1. Pennington KL, McEwan CM, Woods J, Muir CM, Pramoda Sahankumari AG, Eastmond R, Balasooriya ER, Egbert CM, Kaur S, Heaton T, McCormack KK, Piccolo SR, Kurokawa M, Andersen JL. SGK2, 14-3-3, and HUWE1 Cooperate to Control the Localization, Stability, and Function of the Oncoprotein PTOV1. Mol Cancer Res. 2022 Feb;20(2):231-243. doi: 10.1158/1541-7786.MCR-20-1076. Epub 2021 Oct 15. PMID: 34654719; PMCID: PMC8816884.

Mark Fink, Ph.D.

Longwood Campus Breeding Bird Atlas Project

The overall goal of this project is to initiate a long-term monitoring plan for avian populations on Longwood campuses (Main campus, Lancer Park, and Baliles Center at Hull Springs).  This project will launch in spring 2023 (mid-January through mid-June) with breeding bird surveys of main campus and Lancer Park.  Student researchers will spend the early part of the semester researching avian census methods and developing protocols for our breeding bird atlas project.  Researchers will then implement these protocols by collecting field data of breeding birds on main campus and Lancer Park from March through mid-June.  Compilation and analysis of data will occur concurrently with data collection.  Opportunities for continuing research in subsequent semesters are possible.  Students must be available through mid-June and are responsible for their own housing.  Previous experience is not required though ability to identify common birds by sight and sound is preferred.  Email for more information:

Björn Ludwar, Ph.D.

*** Dr. Ludwar will not be a accepting any research students during the 2022/2023 academic year ***

I am looking for self-motivated, curious students, interested in working in relative independence on one of the following projects:

BL01.) Diabetes, Symmetry, & Fingerprints: In collaboration with Ohio University and Touro University, CA, we are collecting fingerprints and medical histories with the goal of correlating fingerprint symmetry with a diabetes diagnosis. Our role in the project is to analyze the data for symmetry. Student participation includes the handling and organization of ‘big data’. Excellent Excel, and ideally programming skills (Python), are a must. Our next goal for the project is to use machine-learning algorithms (via TensorFlow) to score print defects and analyze their effect on predictiveness.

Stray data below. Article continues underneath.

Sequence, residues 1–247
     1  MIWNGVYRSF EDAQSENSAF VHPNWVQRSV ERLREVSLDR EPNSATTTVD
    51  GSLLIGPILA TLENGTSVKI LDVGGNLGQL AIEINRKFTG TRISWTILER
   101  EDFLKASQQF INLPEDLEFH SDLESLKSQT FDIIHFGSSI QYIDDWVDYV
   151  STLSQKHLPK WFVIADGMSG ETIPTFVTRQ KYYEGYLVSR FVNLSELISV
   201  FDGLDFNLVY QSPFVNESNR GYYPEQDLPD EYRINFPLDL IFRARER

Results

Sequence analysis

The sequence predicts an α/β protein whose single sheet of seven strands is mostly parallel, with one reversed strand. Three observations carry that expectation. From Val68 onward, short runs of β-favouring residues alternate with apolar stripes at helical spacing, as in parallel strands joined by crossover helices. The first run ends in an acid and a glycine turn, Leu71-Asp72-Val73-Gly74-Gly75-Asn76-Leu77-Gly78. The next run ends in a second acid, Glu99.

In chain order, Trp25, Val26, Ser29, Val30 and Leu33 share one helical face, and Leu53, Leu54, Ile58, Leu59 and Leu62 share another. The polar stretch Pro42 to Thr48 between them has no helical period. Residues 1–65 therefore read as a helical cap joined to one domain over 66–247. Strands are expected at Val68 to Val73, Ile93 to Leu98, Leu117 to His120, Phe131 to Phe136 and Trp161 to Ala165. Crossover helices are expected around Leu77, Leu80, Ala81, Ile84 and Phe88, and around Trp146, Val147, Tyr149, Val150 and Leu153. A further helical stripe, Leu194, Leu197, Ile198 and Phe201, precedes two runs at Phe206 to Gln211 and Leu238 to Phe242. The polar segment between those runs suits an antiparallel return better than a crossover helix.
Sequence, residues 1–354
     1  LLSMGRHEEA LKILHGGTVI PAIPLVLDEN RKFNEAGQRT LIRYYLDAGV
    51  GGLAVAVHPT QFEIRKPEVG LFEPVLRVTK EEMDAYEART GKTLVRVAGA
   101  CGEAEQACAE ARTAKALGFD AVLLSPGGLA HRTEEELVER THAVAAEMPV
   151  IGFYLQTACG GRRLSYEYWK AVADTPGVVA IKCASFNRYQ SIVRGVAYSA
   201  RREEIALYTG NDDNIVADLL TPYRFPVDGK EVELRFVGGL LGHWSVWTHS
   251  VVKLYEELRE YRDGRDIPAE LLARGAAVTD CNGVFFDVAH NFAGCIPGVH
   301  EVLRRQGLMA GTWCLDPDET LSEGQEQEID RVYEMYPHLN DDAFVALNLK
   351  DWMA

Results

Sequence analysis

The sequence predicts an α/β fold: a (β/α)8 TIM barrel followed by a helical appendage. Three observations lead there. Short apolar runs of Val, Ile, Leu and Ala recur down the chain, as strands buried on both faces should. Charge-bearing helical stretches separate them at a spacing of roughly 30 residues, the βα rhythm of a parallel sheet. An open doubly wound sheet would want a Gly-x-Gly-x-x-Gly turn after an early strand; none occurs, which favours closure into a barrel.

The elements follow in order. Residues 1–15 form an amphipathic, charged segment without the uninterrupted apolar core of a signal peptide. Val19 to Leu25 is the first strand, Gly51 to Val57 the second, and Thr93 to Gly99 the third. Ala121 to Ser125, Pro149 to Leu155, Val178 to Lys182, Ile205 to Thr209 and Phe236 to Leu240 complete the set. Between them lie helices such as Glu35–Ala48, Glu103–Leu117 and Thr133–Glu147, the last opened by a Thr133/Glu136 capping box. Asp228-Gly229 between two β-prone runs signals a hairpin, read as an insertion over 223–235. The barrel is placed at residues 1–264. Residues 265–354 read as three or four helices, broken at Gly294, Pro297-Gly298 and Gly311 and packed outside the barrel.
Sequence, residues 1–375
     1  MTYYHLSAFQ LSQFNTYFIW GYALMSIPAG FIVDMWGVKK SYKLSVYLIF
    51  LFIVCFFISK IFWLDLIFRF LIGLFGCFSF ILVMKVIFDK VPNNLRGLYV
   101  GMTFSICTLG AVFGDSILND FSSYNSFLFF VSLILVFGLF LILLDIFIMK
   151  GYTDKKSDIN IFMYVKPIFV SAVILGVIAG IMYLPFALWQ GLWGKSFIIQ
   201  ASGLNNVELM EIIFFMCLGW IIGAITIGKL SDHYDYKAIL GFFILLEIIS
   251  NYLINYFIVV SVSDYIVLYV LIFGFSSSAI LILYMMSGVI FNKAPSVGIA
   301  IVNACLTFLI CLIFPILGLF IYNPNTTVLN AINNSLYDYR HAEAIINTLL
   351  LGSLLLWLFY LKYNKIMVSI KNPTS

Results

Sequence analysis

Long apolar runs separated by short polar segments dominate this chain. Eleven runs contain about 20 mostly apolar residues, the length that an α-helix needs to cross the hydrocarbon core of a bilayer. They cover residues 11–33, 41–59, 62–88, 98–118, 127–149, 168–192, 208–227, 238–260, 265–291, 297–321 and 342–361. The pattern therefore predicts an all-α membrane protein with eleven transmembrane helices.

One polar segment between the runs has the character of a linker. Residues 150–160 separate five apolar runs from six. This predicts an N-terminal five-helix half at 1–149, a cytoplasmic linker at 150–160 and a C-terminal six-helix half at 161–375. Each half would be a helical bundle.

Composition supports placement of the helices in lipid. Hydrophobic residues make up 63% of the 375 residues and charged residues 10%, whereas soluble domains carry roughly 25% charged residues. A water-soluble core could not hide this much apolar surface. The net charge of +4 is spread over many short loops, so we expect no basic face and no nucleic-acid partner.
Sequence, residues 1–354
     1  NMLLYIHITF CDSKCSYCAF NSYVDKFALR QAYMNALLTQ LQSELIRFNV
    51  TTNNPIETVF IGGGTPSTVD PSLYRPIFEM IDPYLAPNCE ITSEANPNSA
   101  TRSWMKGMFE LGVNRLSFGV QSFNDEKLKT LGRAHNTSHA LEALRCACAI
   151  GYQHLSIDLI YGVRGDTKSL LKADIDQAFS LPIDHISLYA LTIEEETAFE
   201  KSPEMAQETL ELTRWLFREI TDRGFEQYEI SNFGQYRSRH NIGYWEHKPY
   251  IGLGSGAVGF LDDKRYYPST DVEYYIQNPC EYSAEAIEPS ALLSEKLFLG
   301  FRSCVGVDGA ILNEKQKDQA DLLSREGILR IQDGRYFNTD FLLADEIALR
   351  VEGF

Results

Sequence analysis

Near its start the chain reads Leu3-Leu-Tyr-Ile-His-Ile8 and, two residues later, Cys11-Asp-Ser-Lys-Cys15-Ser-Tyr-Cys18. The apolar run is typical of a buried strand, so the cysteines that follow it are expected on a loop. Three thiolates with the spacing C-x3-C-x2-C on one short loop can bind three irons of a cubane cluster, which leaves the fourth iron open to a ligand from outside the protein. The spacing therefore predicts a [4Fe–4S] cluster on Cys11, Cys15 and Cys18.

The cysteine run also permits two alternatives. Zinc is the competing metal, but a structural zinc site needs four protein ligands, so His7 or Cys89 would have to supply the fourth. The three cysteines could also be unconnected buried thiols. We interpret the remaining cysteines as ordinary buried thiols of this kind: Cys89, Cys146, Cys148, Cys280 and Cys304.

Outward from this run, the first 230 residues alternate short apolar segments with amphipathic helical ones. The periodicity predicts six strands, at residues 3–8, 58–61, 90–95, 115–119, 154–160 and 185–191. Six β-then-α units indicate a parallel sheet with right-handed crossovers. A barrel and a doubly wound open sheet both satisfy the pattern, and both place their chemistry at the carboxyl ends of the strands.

BL02.) Developmental Rate & Symmetry: Using the model system Drosophila melanogaster, we are studying a potential correlation of developmental rate and bilateral symmetry. The project has used various morphological markers in the past: microscopic images of wings, the immunofluorescence stained nervous system of the animal, and lately structures visualized via electron microscopy. Student participation includes maintaining the genetically diverse fly stock, performing independent experiments, analysis and presentation of resulting data. The next big project goal is to link previous findings to diabetic Drosophila mutants, as well as metabolic stress.